Vaccinating our children is a routine part of protecting them from illness in childhood - but a new book queries whether it is worth the risk.Dr Andrew Wakefield, who challenged the safety of the MMR vaccine because of fears over a possible link to autism, is currently fighting to save his career, meanwhile the Government insists vaccines are essential and save millions of lives.

The result is that many parents are anxious and confused about the best course of action.

And now another doctor, Dr Richard Halvorsen, raises his concerns - warning that the Government "misleads us about vaccines".

Author of a new book, The Truth About Vaccines, he claims that UK children are being used as "guinea pigs" and given "unnecessary" jabs for illnesses such as mumps, and a vaccine for whooping cough which has been "ineffective" in stamping out the illness.

Halvorsen is a GP who has spent five years researching vaccination.

He said: "Vaccine programmes are not the magic bullet cure that they are claimed to be, and bombarding children with a cocktail of vaccines could be causing some serious health problems, with hundreds if not thousands of children adversely affected every year."

Dr Halvorsen points out that a child is supposed to have 25 vaccines by the time they are 15 months old.

"There remains uncertainty whether the growing number of childhood vaccinations is contributing to the rising numbers of children affected by asthma, diabetes and other immune related disorders," he claimed.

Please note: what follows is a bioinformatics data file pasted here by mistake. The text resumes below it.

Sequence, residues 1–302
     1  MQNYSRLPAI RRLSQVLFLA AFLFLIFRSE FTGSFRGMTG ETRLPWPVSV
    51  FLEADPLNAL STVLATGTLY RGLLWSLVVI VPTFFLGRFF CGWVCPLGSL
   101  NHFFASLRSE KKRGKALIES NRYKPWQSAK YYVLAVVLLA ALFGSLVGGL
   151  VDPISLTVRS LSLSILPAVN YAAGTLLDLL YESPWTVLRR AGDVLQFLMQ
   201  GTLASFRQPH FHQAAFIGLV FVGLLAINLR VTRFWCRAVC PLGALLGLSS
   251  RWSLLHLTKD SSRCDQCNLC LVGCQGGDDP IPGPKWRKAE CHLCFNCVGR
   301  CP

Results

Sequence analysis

"One vaccine expert disclosed to me that we will probably never be able to test the safety of vaccines while we bundle so many of them together and administer them at the same time.

"This means it's almost impossible to distinguish the side effects of one from another."

Father-of-two Dr Halvorsen began his investigation after getting a request to write an article on the MMR vaccination.

"Until then I had no particular opinion on vaccines and routinely gave them to my patients' children and my own, and felt secure in the knowledge that they were safe.

"Yet when I researched and tried to get the Government's side of the story on MMR, instead of being reassured, which I expected, I was dismayed to find that evidence showing it was safe was simply not there. It had been introduced with virtually no safety controls at all."

He believes vaccine risks are not properly assessed because, unlike drugs, vaccines generally do not undergo long-term safety trials.

"I have been told that there is no one study that can disprove that MMR may cause 10 per cent of autism cases in this country in susceptible children. Studies can show that MMR does not cause all autism.

"That's not good enough, and when I found that out I offered patients measles, mumps and rubella vaccines singly."

All too often he says parents' understandable concerns are met with unacceptable reactions and hostility by health authorities and doctors.

"I've heard stories of parents trying to decide whether to vaccinate their children being patronised and bullied and even told it was the equivalent of abusing their child if they didn't opt for a vaccine."

But he emphasises: "I am not anti- vaccination. They have an important role in the protection of children.

"I am in favour of some, while with others I believe they are not as effective as they are made out to be.

"All I'm calling for is the right for parents to have a truthful and open discussion on this issue."